What is Return on Equity (ROE)?

By Jonathan Trew

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Return on equity (ROE) is a measure of how much profit an organization generates per share, and is used to measure a company's success at turning shareholder investments into profits.

Return on equity (ROE) is a measure of how much profit an organization generates per share, and is calculated by dividing annual net income by shareholder equity.

ROE is a key metric to look at when assessing a company’s financial performance, and it can be used to measure a company's success at turning shareholder investments into profits by looking at how the company’s management is utilizing its capital.

How is ROE Calculated?

ROE is calculated using the following formula:

Annual Net Income ÷ Shareholder Equity = Return on Equity

Net income is the amount of income a company has generated over a period of time, minus expenses and taxes. Shareholder equity can be obtained by subtracting a company’s total liabilities from its total assets, and can be found on a company's balance sheet.

For example, if net income stands at $1m and shareholder equity is $12m, you can divide the former by the latter and then multiply the result by 100 to gain a percentage value. This lets you work out that the company’s ROE is 8.3%. Once you have the ROE figure, this can help you can make a judgement about the company’s performance and whether or not you want to buy shares in the company.

What is a good ROE?

When determining if a company’s ROE is good or bad, you should always look to other companies in the sector to understand how similar companies are positioned, as companies within different sectors can have unique dynamics which can positively or negatively affect their ROE.

As a general rule, you should look to invest in companies which have an equal or better-than-average ROE compared to peers within the same industry. If possible, you should also look at how this metric has trended over time as an ROE which is consistently at a higher percentage than other companies in the same sector can show that a company’s management team is good at utilizing the company’s capital to create profits compared to competitors.

Although it does differ from one sector to another, a good benchmark for almost all companies is to compare the ROE to the average of the S&P 500, which is approximately 13%. In general, an ROE of 15–20% is considered very good, and an ROE below 10% is seen as less desirable for investors.

What is DuPont ROE?

As demonstrated above, you can calculate ROE by dividing net income by shareholder equity. However, there is an alternative method which includes many extra steps and this is called the DuPont decomposition, having been created by the DuPont company almost a century ago.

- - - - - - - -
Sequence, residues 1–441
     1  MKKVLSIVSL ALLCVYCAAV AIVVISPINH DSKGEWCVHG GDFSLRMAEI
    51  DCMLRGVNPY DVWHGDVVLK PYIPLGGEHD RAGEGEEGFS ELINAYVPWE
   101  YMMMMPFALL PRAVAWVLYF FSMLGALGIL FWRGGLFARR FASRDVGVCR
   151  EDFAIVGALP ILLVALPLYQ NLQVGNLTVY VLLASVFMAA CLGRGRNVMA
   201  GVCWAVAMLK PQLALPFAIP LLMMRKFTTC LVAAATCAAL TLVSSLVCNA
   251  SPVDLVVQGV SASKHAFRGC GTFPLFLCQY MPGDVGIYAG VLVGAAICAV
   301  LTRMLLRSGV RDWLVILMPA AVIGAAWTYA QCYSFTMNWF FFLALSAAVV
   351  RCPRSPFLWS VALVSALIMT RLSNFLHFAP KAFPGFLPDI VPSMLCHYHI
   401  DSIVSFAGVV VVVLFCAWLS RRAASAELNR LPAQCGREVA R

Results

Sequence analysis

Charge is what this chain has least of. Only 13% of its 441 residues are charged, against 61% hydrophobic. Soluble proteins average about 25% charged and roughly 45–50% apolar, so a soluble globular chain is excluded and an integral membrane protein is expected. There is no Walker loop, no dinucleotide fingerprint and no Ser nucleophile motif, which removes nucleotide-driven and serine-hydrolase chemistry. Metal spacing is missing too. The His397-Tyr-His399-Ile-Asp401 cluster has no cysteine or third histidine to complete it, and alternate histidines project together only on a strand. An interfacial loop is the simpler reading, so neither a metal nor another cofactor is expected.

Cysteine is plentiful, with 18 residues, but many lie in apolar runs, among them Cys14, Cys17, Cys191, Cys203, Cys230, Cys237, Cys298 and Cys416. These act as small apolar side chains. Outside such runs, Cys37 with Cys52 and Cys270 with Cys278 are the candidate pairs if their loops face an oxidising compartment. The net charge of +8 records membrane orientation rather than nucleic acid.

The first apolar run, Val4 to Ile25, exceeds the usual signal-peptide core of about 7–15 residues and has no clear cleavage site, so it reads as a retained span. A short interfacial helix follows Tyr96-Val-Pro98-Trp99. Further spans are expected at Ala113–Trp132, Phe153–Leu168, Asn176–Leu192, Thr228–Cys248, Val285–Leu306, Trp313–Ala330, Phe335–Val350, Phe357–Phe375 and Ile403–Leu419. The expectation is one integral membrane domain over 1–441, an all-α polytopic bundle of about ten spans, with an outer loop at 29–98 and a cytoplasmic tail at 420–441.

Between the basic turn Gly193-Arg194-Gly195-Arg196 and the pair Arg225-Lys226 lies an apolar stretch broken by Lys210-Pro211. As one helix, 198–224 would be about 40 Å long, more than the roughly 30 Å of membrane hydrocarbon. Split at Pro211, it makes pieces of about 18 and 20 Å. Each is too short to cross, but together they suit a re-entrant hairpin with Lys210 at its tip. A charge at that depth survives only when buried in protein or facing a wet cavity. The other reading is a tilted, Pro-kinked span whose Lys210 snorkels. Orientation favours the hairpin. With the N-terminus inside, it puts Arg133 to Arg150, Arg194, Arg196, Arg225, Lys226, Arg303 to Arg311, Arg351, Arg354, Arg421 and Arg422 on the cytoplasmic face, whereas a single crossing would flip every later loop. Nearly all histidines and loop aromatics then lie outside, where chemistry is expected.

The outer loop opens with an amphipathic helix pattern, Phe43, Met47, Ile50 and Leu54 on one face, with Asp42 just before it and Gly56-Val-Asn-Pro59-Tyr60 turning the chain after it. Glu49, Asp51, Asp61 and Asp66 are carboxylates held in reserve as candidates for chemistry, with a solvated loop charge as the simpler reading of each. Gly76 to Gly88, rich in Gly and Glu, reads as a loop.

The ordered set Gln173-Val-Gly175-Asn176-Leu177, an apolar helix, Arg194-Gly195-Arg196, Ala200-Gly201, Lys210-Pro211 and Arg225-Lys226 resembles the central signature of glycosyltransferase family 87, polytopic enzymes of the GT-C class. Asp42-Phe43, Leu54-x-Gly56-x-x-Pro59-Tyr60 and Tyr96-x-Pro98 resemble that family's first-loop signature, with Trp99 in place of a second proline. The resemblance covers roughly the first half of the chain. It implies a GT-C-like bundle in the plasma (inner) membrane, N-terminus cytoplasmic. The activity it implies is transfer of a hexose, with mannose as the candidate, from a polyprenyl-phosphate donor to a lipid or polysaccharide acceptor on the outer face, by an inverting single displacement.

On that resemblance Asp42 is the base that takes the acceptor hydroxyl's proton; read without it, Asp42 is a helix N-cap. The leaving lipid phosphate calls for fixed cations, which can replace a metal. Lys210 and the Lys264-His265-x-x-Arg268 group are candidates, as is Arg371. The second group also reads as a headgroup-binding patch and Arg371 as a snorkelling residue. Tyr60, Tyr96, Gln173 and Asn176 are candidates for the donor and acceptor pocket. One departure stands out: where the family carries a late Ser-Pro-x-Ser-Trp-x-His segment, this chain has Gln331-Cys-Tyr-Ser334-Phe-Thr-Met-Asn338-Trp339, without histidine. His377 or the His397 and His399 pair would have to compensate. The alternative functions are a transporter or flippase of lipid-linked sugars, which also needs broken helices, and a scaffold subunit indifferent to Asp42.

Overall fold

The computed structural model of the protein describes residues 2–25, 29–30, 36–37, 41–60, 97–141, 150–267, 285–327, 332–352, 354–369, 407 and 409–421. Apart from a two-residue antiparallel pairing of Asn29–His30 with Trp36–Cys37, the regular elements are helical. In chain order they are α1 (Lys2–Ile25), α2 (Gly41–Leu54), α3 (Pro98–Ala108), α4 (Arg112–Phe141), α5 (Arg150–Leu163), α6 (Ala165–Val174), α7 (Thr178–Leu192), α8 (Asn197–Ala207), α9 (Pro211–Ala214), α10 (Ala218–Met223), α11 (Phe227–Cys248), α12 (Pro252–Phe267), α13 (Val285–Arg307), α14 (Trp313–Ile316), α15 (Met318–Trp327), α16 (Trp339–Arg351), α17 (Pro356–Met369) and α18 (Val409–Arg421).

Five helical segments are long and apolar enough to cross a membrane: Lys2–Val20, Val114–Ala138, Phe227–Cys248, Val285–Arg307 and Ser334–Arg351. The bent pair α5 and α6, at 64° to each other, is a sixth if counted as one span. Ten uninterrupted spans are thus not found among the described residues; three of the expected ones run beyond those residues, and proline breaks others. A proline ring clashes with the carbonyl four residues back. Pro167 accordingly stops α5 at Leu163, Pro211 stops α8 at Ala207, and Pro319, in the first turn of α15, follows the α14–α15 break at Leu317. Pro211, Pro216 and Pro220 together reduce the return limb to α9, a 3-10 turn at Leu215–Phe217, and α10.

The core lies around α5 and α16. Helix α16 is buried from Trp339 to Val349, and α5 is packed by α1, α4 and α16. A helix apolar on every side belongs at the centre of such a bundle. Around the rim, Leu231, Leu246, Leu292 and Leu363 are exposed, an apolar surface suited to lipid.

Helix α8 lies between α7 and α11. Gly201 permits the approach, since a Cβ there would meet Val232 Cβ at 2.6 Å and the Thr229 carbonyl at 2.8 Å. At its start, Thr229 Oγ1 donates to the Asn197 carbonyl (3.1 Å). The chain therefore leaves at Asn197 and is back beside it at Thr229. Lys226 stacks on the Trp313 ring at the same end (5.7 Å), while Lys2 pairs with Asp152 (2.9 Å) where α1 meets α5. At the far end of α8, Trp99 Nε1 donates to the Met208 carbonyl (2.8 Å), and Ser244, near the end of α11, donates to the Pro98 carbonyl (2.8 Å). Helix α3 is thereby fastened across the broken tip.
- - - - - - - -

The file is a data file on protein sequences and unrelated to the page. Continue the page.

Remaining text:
The first version of this variant allows you to work out ROE by multiplying a company’s net profit margin, asset turnover and equity multiplier.

The second DuPont ROE variant is significantly more complex. The formula for this method uses operating margin, turnover, borrowing costs, equity and tax rate . Your first step is to multiply operating margin by turnover, before subtracting borrowing costs. Then, you must multiply the resultant figure by equity and then multiply this by one minus the company’s tax rate.

Advantages and disadvantages of ROE

An important advantage to ROE can be seen in the difference between ROE and ROA (return on assets). The latter metric measures a company’s productivity relative to its assets. While this is useful when analysing how well a company is utilising its own assets, ROE offers investors insight into how successfully their investment is being used to make money.

However, ROE can be misleading depending on what stage of its development a company is at. For example, capital requirements can be high for newer companies so they might struggle to record a high ROE. The metric can also be misleading in cases where a company is achieving inconsistent profits or has excessive debt. Additionally, when a company reports negative net income, the calculation will lead to a negative return on equity, although this does not necessarily mean it would be unwise to invest.

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Author: Jonathan Trew

This article does not provide any financial advice and is not a recommendation to deal in any securities or product. Investments may fall in value and an investor may lose some or all of their investment. Past performance is not an indicator of future performance.

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